Zooming into the Past                          



M O G A D I S H U   C I V I L   W A R S




Zooming into the 1990s interviews and statements, given by the spokespersons and leaders of Somali factions, enables us to prove that clan-animosity account of the Somali civil war has not been given the scholarly attention that its magnitude warrants, even after sixteen years of clan-warfare.  This clan-animosity feeling can in fact be derived from faction joint communiqué and statements; and therefore, posting selections of these public relation statements should be a matter of concern to all Somalis – particularly, to those who are in the field of Somali Studies.


After all, clan factionalism disguised in English acronyms (formed from three or four initial letters which include the sacrosanct letter “S”) are now facts of life for Somalis.  The words and deeds of the turbulent faction followers have ordained to presuppose that faction spokespersons assumed a monumental role in fuelling clan-hatred.  As a result of that, the Forum rushes in to investigate and share with you excerpts of faction communiqués, hoping to find solutions to the current tragic political situation in Somalia.  From our perspective, these selections are indeed those that Western scholars/(Somalists) most neglected, or could offer hints to the causes of the civil war.



J U N E - J U L Y    1 9 9 1




A young Somali smokes and holds a weapon as he and his friends sit on a car


Children pulling a donkey cart watch a carload full of armed militiamen pass through the streets of Mogadishu






Ghalib Cited on Unity Efforts, African Tour


London AL-HA YAH in Arabic

June 10, 1991, pp1, 3


[Interview with Prime Minister Omar Arteh Ghalib by Yusuf Khazim in Abuja, Nigeria; date not given]


[Khazim] The 27th African summit in Abuja has passed a resolution supporting Somalia's unity. Do you believe that the resolution will prompt your government to fight for the country's unity?


[Ghalib] The African summit's resolution supporting Somalia's unity is seen as significant moral support for us, but we have promised not to use force in this connection. We will use the family approach to resolve our problems because they (the people of the North) are our brothers, and we want to help them. They suffered considerably under the previous regime and their towns were destroyed, especially Hargeysa, the north's capital. Secession, however, is not the solution. We are prepared to respond to everything they want for the sake of the country's unity.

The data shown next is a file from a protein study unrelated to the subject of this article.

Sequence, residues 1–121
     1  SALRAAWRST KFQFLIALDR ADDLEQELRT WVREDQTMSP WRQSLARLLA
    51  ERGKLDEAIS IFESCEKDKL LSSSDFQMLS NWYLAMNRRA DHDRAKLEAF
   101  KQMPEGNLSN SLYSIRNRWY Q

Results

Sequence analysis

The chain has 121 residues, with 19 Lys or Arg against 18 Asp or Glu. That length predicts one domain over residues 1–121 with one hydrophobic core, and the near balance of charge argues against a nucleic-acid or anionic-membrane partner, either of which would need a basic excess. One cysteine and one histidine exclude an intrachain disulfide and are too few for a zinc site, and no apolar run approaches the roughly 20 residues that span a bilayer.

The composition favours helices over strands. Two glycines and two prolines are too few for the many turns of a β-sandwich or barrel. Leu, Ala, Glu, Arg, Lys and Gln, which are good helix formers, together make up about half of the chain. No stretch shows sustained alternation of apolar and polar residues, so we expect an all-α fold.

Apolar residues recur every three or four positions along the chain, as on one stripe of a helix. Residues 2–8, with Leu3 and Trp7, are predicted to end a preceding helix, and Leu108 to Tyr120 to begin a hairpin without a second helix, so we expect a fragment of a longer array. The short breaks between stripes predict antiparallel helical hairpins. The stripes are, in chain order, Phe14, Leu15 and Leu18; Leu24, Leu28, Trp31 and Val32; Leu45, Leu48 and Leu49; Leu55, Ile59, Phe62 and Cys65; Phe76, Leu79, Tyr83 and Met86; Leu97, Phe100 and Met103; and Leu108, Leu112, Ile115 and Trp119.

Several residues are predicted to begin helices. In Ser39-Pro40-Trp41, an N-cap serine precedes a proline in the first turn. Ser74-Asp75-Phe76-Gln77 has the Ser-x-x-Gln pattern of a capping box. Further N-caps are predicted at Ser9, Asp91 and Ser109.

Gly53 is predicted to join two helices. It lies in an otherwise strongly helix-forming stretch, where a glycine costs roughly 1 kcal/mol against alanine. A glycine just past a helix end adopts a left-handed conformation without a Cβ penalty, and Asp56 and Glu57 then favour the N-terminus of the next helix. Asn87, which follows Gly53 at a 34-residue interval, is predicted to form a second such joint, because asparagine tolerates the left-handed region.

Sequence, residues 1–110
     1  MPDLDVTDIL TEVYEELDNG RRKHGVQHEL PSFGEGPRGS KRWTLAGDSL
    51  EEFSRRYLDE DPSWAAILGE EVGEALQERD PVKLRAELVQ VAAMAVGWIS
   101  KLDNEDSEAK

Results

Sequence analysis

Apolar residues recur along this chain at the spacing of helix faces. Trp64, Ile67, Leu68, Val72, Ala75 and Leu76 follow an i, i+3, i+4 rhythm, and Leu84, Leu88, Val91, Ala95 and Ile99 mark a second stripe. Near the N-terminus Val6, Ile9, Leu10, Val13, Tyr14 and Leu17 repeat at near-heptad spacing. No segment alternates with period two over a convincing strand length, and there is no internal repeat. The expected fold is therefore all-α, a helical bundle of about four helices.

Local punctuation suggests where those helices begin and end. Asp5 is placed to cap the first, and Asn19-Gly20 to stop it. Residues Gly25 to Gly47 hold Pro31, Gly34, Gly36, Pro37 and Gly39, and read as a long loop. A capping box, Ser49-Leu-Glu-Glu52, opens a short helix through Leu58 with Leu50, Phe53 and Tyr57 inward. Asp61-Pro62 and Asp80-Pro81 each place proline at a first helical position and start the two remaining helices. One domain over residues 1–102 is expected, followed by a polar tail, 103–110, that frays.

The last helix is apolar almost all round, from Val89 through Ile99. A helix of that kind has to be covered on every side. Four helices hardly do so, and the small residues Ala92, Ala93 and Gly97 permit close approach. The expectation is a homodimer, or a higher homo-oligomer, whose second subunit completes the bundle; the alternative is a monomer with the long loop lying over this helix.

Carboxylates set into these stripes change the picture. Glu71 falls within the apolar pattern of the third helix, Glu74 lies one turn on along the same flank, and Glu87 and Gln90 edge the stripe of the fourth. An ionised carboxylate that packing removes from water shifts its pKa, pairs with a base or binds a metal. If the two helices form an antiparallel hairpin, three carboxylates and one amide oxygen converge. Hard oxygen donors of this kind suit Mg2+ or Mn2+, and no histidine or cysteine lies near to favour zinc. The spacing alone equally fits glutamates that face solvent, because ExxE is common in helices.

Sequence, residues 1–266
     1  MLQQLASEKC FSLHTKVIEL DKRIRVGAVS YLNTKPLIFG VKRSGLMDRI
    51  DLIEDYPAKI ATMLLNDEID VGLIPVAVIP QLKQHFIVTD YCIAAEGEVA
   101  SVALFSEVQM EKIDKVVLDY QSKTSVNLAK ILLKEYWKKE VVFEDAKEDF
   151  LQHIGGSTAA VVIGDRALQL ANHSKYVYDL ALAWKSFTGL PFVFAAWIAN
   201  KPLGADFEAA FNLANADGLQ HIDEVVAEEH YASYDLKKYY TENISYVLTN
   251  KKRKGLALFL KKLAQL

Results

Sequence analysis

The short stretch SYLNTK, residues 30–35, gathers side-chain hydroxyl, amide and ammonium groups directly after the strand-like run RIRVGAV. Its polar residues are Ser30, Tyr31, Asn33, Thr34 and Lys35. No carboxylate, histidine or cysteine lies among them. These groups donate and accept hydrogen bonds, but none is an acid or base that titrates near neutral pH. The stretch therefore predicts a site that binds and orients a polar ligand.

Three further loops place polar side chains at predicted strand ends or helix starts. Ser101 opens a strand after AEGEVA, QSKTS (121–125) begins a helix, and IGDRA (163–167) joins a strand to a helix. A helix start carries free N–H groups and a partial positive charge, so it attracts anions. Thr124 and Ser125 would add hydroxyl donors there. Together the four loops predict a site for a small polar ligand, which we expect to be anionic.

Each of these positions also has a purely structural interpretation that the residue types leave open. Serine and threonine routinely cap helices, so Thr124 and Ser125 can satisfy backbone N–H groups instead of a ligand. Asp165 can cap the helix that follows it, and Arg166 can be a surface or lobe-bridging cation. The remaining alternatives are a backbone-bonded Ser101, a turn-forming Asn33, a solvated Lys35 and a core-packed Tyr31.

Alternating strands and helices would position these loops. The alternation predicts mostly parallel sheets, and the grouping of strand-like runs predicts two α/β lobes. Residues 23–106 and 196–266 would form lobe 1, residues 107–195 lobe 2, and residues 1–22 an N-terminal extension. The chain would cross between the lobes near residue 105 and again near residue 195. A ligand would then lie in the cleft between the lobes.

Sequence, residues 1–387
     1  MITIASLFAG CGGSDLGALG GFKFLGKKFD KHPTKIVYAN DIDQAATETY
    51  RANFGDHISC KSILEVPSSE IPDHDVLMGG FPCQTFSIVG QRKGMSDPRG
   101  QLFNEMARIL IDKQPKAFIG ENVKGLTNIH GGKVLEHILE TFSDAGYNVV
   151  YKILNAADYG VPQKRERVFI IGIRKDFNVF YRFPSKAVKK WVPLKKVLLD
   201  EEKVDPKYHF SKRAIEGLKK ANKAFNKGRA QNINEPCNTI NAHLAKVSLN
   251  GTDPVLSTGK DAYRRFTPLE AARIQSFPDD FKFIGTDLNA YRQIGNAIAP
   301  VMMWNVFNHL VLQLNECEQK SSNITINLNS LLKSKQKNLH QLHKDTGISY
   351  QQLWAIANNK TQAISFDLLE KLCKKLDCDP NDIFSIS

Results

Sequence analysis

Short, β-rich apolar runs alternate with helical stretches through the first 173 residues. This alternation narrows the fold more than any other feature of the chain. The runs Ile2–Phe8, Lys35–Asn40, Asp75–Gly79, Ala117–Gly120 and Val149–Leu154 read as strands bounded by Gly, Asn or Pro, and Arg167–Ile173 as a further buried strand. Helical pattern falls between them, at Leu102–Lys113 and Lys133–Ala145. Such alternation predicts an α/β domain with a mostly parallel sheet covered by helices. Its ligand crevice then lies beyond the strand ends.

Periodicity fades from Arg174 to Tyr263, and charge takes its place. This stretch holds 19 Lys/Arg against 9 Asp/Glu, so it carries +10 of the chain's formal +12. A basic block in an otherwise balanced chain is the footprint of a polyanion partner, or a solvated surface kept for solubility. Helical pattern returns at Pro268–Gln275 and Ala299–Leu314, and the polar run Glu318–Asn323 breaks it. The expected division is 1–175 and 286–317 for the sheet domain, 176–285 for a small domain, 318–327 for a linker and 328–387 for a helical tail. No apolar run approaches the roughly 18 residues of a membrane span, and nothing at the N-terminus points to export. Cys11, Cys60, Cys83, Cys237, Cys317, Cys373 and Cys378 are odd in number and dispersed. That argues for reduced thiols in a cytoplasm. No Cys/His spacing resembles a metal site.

[Khazim] Are there any current Arab efforts in that connection?


[Ghalib] Djibouti President Gouled Aptidon Hassan is undertaking some endeavors. He had called for a Somali conference on national reconciliation, and indeed such a conference recently began in Djibouti with the partici­pation of all Somali fronts.


[Khazim] Is the Somali Patriotic Movement taking part in the conference?


[Ghalib] So far we have not heard that it has agreed to attend, but the conference will continue even if it does not attend. Some prominent figures who have made significant contributions to the national struggle are attending, such as Somalia's first prime minister, Mohamed Ibrahim Egal. I am optimistic that this con­ference will produce good results.


[Khazim] Is the government in full control of Mogad­ishu? Does security now prevail there?


[Ghalib] We have prepared a force of 1,000 men to stop the assaults and anarchy. I can honestly say now that we have the situation in Mogadishu under control, but some gunfire is heard at night. That is because some arms have fallen into the hands of irresponsible people. Children 12 and 13 years old managed to secure weapons during the past period of anarchy. They fire their guns into the air at night, but, generally speaking, we are in control of the situation in the capital and other areas.


[Khazim] Forces of the United Somali Congress, under the command of General Mohamed Farah Aydeed, are still in control of some important areas of the country. Are these forces an obstacle to the country's unity?


[Ghalib] The differences within the United Somali Con­gress are ordinary differences. Internal differences occur even within parties in the advanced countries. I am confident that the dispute within the "Congress" will not impede Somalia's unity.